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This question was similarly answered at How many digits does $2^{1000}$ contain? . I saw in a book asking to do the same for $2^{100}$ without taking logaritms. There is a hit as following: " $2^{10}=1024$ and note that if $0<r<b<a$ then $\frac{a}{b}<\frac{a-r}{b-r}$ ". Honestly, I couldn't use this hint to solve the problem. Thanks.

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  • $\begingroup$ Which book was that? $\endgroup$
    – lhf
    May 26, 2012 at 2:10
  • $\begingroup$ which book? why wouldn't you provide a reference to this :/ $\endgroup$
    – baxx
    Jul 7, 2016 at 14:46

5 Answers 5

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Note that $2^{10} = 1024$ so $1000^{10} < 2^{100} = 1024^{10} < 1100^{10} = 1.1^{10}\cdot 1000^{10}$. We can estimate \begin{equation*} 1.1^{10} = 1.21^5 < 1.3^5 = 1.69^{2.5} < 2^3 = 8, \end{equation*} so $10^{30}<2^{100}<8\cdot 10^{30}$ and $2^{100}$ has 31 digits. On the other hand this doesn't use the given hint and the chain of equalities amounts to showing that $\log_{10}(1.1)<0.1$, so in some sense logarithms are involved.

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Write $2^{100}=(10^3+24)^{10}=10^{30}(1+0.024)^{10}$.

Consider $f(x)=x^{10}$. By the mean value theorem, $f(1+h)=f(1)+f'(\xi)h$, for some $\xi\in(1,1+h)$. Let $u=(1+h)^{10}$. Then $u=1+10\xi^9h<1+10(1+h)^9h=1+10\dfrac{u}{1+h}h$ and so $u<\dfrac{1+h}{1-9h}$.

When $h=0.024$, we get $u<\dfrac{1.024}{0.784}<10$, which implies that $10^{30}<2^{100}=10^{30}u<10^{31}$.

This means that $2^{100}$ has 31 digits. (By computing $\dfrac{1.024}{0.784}$, we get $2^{100}<1.31\cdot 10^{30}$.)

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Consider $\frac{2^{100}}{10^{30}} = \left( \frac{1024}{1000} \right)^{10}$.

Use your hint with $a=1024$, $b=1000$ and $r=500$, then $$\frac{1024}{1000} < \frac{524}{500} = 1 + \frac{6}{125}$$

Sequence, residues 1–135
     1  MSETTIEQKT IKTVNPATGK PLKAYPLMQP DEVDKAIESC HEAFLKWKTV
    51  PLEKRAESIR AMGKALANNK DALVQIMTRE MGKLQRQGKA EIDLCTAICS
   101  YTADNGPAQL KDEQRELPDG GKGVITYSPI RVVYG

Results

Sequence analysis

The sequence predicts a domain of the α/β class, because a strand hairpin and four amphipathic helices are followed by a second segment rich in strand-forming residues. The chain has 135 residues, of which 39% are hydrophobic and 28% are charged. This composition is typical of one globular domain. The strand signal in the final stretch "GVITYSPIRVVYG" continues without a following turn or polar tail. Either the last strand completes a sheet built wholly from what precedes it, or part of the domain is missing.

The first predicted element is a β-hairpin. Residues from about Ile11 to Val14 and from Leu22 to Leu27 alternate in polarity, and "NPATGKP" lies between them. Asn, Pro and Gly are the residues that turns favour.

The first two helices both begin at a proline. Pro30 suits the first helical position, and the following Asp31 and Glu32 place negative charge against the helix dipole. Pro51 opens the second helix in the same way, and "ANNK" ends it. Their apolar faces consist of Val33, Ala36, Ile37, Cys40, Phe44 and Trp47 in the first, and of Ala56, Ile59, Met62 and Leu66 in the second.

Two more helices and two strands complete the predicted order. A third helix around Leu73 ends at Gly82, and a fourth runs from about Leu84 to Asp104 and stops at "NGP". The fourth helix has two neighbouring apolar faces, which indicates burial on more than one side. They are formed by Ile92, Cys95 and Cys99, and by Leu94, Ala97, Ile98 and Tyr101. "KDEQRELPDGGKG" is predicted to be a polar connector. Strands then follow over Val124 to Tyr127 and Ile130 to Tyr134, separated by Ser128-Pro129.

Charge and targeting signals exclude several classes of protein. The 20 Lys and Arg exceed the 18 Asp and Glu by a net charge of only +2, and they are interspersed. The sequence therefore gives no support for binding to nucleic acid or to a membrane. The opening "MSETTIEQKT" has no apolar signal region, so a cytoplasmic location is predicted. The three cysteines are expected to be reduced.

Now, use $1+a < \mathrm{e}^a$,
$$\frac{2^{100}}{10^{30}} < \left(1+\frac{6}{125}\right)^{10} < \exp\left(\frac{60}{125}\right) < \sqrt{\mathrm{e}} < 2$$

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    $\begingroup$ It doesn't seem like the hint is buying you anything: if you skip it the $6$ changes to a $3$ and the rest of the argument still works. $\endgroup$
    – Noah Stein
    May 25, 2012 at 16:43
  • $\begingroup$ @NoahStein Quite true! $\endgroup$
    – Sasha
    May 25, 2012 at 16:46
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right now it is been some times that I not on maths rails but I will suggest it with a simple log function: $$ \log_{10}2^{100} = 100*log_{10}2 = 31 $$

where 10 is our decimal digit base. Maybe I am wrong?

Sorry Just saw not without taking logaritms

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  • $\begingroup$ OK. Your help was Welcome. :-) $\endgroup$
    – Mikasa
    May 25, 2012 at 20:54
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Answer should be $334$

By hand-multiplication to find different powers of $2$, starting from $1$ and continuing in this way by keeping on multiplying $2$,

we can observe that every time for increasing the power of $2$ by $3$, the number of digits increase by $1$.

So to reach $1000th $ power of $2$ we need to add the power by $999$. So, the occurrence of power increasing by $3$ is occurring $333$ times, thus we have $333$ more digits. $2$ is a single digit number. Therefore, we have $334$ digits in total.

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  • $\begingroup$ The question is 'how many digits does $2^{100}$ has', not $2^{1000}$. Don't worry, you don't need to change that much to your answer. $\endgroup$
    – Toby Mak
    Mar 4, 2018 at 5:45

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